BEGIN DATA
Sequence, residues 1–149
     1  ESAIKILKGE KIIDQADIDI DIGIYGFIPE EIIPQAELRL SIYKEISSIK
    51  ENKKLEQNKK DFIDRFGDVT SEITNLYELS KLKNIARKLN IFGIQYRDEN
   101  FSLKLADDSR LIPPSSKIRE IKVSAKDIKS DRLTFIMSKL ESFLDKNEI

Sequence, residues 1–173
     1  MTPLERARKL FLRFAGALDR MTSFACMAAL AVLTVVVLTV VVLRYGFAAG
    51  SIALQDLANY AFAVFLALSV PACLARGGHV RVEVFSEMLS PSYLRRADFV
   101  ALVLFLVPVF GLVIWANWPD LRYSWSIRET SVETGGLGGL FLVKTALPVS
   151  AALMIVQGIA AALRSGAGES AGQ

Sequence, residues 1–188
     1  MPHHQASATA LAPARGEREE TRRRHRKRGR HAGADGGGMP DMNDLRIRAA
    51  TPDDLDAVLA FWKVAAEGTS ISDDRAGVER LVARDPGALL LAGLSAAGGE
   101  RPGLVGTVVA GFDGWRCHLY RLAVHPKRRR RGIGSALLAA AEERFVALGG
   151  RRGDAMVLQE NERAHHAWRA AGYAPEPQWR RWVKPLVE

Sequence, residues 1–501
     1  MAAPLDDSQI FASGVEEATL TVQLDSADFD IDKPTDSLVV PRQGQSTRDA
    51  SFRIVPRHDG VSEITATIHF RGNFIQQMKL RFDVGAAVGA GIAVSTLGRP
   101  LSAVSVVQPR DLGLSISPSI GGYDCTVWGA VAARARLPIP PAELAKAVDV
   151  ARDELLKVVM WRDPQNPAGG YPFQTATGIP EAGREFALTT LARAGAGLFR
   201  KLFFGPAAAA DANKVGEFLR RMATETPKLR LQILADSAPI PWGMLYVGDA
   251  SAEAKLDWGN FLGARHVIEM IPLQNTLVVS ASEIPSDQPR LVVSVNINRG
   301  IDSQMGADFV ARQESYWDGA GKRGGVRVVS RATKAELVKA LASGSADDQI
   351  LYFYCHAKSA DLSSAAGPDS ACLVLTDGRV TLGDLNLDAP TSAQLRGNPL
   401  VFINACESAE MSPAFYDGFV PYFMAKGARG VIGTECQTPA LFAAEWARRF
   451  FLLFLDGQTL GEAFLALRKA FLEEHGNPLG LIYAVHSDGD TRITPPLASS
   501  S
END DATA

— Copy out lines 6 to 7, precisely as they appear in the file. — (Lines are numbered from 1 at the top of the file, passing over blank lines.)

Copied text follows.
     1  MTPLERARKL FLRFAGALDR MTSFACMAAL AVLTVVVLTV VVLRYGFAAG
    51  SIALQDLANY AFAVFLALSV PACLARGGHV RVEVFSEMLS PSYLRRADFV